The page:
- Reforms are needed in the tax sector
Taxation is an extremely important source of funding for any state to finance the running of the Governmental functions. Even the oil rich Arab states recognised the importance of this and started to shift towards a lasting economy with citizens contributing to the national treasury with their share of the taxes. To put it simply, in all global economies, there is both direct and indirect taxation (in different combinations). Direct taxation is a tax directly levied on an individual or institution’s income while indirect taxation entails taxes on products and services whereby consumers are made to pay taxes when they consume these.
Taxation is therefore an essential subject warranting attention from all concerned. We’ll thus identify key issues in this regard and propose solutions to solve them amicably which have been presented by this writer at various think-tanks and as Chairman of taxation committees of key professional bodies such as ACCA. These have been published and publicised but unfortunately are still awaiting implementation by the decision makers.
In developed countries, realising that taxation is necessary for providing them with necessary facilities, most citizens contribute their share to the state finances. The situation is different in developing countries, being marred by corruption and mismanagement; and there is a lack of public trust by the masses, who demand evidence of delivery before they’re willing to pay their due share. As if that wasn’t enough, the subjective nature of taxation laws resulting in harassment and the structural tilt towards indirect taxation further erodes the confidence of the populace in the taxation system.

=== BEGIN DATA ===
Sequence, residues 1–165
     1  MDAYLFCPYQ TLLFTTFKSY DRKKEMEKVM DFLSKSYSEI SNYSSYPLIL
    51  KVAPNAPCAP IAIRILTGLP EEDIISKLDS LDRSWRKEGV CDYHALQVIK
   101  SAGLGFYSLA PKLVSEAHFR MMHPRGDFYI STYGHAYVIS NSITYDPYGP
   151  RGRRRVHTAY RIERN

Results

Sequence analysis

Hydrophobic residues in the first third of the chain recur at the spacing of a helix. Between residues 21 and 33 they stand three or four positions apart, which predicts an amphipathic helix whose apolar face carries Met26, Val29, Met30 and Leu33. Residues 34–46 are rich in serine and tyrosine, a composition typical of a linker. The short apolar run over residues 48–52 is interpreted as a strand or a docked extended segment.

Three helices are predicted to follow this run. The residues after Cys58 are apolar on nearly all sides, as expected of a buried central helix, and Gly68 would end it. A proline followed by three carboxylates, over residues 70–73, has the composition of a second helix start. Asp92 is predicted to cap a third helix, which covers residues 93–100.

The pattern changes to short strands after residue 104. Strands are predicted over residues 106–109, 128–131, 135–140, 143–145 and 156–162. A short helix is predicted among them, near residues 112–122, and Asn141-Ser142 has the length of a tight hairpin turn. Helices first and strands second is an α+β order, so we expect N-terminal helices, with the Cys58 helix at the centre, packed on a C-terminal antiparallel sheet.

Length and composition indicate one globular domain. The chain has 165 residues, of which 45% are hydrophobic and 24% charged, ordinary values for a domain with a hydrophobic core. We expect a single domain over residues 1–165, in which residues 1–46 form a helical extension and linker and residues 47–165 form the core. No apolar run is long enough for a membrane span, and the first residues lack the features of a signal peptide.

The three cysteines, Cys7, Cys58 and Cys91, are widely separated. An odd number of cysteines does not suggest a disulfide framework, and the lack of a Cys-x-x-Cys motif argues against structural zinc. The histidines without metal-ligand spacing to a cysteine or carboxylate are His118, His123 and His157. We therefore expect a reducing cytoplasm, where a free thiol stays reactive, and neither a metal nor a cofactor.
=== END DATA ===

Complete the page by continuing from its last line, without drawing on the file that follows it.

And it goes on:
With all the natural resources at our disposal, a high proportion of population being young and hardworking and with cheap labour availability, a fairer system of taxation culminating into a fairer economic policy can provide the necessary environment to harness the economic potential of Pakistan
As a result of the above, the unresolved challenge faced by Pakistan on the taxation revenue shortfall front isn’t that surprising. A culture of tax avoidance has long engulfed the business horizons. An ongoing cat and mouse fight between the tax authorities and the taxpayers, with the later believing that it would be a waste to pay off their tax bills due to the deep pockets of the corrupt government officials, harassment emanating from the taxation system and/or lack of public services. The FBR officials, on the other hand, feel overwhelmed and underappreciated with issues of career paths, promotions and understaffing.
While the FBR officials rightly point out that no state can perform the necessary duties with empty coffers, the taxpayers also strongly put forward the argument that they don’t see any real delivery of essential services, but instead are greeted with stories of herculean corruption rife all around coupled with undue persecution once they enter the tax net. Hence, there seems to be a massive break-down of trust between the taxpayers and the “tax-man”.
This serious trust deficit in Pakistan has led to a difficult situation where the Finance Ministry overemphasises indirect taxation to try to bolster its coffers. Unfortunately this approach has serious negative ramifications for Pakistan’s economy and people, which has manifested in worsening the already declining economic situation of the country.